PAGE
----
Neri v. Retail Marine Corp.

30 N.Y.2d 393 (1972)

Quick Summary

Anthony Neri (plaintiff) entered into a contract with Retail Marine Corporation (defendant) to purchase a boat but attempted to rescind it due to medical issues. The dispute involved whether the seller could recover lost profits after buyers’ breach under UCC guidelines.

The Court concluded that under UCC § 2-708 (2), the defendant is entitled to lost profit and incidental damages since these would place them in as favorable a position as if performance had occurred.

Facts of the Case

Anthony Neri and his co (plaintiffs) entered into a contract with Retail Marine Corporation (defendant), doing business as Emmette Marine Corporation, to purchase a new boat for $12,587.40. They made an initial deposit of $40 and subsequently increased it to $4,250 after the defendant agreed to expedite delivery upon confirming it as a “firm sale.”

Shortly after that, due to unforeseen medical circumstances requiring Mr. Neri’s hospitalization and surgery, the plaintiffs attempted to rescind the contract, claiming inability to make further payments. Despite this, the boat had already been ordered and delivered to Retail Marine Corporation at or around the time of the attempted rescission.

Procedural Posture and History

  1. Plaintiffs sought a refund of their deposit, initiating legal action against the defendant.
  2. Defendant countered by alleging breach of contract and claimed damages equivalent to the deposit amount.
  3. The Court granted summary judgment on liability in favor of the defendant but required an assessment of damages.
  4. The trial court found in favor of the defendant for damages but limited it to $500 under UCC § 2-718 (2)(b), allowing plaintiffs partial restitution.
  5. The Appellate Division affirmed without opinion.
  6. Retail Marine Corporation appealed to the Court of Appeals of New York.

I.R.A.C. Format

Issue

Whether the Uniform Commercial Code permits a seller to claim loss of profits and related costs when a purchase contract is repudiated by the buyer.

Rule of Law

The Uniform Commercial Code § 2-708 (2) governs loss of profit recovery for sellers in retail transactions where standard-priced goods are involved.

Reasoning and Analysis

The Court’s reasoning hinged on the understanding that under UCC § 2-708 (2), a seller is entitled to recover lost profits and incidental damages when a buyer breaches a contract, provided that such damages would place the seller in as good a position as if the buyer had fully performed under the contract.

The Court concluded that if Retail Marine Corporation could have sold two boats (the one ordered by Mr. Neri and another one) instead of one had there been no breach, they were entitled to lost profit on one sale.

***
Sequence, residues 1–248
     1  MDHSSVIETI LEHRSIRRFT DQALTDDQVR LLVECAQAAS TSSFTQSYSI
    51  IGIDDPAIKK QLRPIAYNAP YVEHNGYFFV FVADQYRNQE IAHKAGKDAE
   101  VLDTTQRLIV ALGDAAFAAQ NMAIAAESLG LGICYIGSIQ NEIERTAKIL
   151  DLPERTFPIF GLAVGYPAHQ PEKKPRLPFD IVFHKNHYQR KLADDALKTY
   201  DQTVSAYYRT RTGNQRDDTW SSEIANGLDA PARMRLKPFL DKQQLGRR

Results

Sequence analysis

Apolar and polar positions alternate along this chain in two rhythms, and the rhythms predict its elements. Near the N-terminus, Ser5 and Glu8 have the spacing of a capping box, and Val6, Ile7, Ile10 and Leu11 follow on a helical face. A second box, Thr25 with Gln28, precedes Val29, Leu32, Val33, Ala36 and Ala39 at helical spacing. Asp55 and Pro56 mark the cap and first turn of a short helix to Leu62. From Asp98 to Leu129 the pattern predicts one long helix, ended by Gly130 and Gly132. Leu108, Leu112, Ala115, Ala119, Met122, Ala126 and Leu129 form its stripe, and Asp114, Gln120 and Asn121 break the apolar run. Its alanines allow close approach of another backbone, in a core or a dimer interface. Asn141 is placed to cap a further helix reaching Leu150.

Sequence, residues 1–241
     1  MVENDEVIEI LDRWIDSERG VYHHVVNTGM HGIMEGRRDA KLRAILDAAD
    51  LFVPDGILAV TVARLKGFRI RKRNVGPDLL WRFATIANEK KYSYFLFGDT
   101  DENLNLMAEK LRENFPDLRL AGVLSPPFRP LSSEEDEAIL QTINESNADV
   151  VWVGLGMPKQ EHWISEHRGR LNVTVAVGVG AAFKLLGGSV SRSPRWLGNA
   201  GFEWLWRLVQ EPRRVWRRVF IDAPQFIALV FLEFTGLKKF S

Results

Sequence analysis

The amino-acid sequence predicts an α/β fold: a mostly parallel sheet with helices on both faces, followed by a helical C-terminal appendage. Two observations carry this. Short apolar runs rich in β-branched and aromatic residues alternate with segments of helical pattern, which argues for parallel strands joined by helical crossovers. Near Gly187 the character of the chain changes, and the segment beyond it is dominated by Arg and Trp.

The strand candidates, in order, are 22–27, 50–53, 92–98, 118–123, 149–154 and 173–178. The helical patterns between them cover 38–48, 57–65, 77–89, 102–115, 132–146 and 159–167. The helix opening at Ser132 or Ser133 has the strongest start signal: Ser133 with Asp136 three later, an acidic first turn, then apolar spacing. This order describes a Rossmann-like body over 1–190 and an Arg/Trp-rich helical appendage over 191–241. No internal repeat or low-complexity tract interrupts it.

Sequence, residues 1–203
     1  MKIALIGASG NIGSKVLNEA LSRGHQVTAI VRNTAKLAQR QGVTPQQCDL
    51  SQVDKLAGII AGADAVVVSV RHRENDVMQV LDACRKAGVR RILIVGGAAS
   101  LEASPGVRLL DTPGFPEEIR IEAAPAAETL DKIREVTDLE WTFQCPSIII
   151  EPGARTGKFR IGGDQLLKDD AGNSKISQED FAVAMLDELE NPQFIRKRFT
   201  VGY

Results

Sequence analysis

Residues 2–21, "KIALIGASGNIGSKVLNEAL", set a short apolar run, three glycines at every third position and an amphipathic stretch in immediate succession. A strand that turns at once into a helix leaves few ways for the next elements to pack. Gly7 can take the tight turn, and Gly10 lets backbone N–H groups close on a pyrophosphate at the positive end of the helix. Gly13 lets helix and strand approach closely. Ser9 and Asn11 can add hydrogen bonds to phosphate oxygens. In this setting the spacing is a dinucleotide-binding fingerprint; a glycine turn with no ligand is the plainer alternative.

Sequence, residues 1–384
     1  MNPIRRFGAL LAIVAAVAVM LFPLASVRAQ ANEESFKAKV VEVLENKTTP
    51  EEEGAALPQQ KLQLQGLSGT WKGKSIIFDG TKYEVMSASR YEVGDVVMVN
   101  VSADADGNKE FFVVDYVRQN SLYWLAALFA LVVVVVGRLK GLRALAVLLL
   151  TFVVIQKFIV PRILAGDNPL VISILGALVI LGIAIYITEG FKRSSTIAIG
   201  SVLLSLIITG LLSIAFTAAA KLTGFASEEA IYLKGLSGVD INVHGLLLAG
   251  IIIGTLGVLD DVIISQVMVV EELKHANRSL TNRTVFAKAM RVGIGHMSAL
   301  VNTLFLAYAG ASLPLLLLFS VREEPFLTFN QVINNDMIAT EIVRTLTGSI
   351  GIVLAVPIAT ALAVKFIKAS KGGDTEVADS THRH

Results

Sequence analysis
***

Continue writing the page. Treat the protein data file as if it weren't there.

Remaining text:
Additionally, the Court found that incidental expenses incurred from holding onto the boat until it was eventually resold were recoverable despite the trial court’s contrary finding.

Conclusion

The Court modified and affirmed the order of the Appellate Division, recognizing that Retail Marine Corporation was entitled to recover both lost profits and incidental damages from Mr. Neri.

Key Takeaways

  1. Sellers can recover lost profits on standard-priced goods when a buyer breaches a sales contract.
  2. Incidental damages are also recoverable under UCC § 2-710.
  3. The recovery of attorney’s fees is not included as incidental damages.

Relevant FAQs of this case

How does the UCC impact lost profit recovery for sellers in retail transactions?

The UCC, specifically § 2-708 (2), allows sellers to recover lost profits in retail transactions involving standard-priced goods, ensuring sellers are positioned as if the buyer fulfilled the contract.

  • For example: If a bookstore sells a standard-priced textbook, and the buyer breaches the contract, the UCC enables the bookstore to claim lost profits.

Can sellers recover lost profits for non-standard-priced goods under UCC?

UCC primarily supports lost profit recovery for standard-priced goods. Recovering lost profits for non-standard-priced goods depends on jurisdiction and case specifics.

  • For example: An artisan selling unique, non-standard-priced jewelry might need help recovering lost profits compared to a seller dealing in standardized goods.

How does the Court assess recoverable incidental expenses in a contract breach?

The Court evaluates recoverable incidental expenses based on whether they would place the seller in a favorable position if the buyer fulfilled the contract, adhering to UCC principles.

  • For example: If a seller incurs storage costs post-breach, those expenses could be considered recoverable incidental damages under UCC.

References

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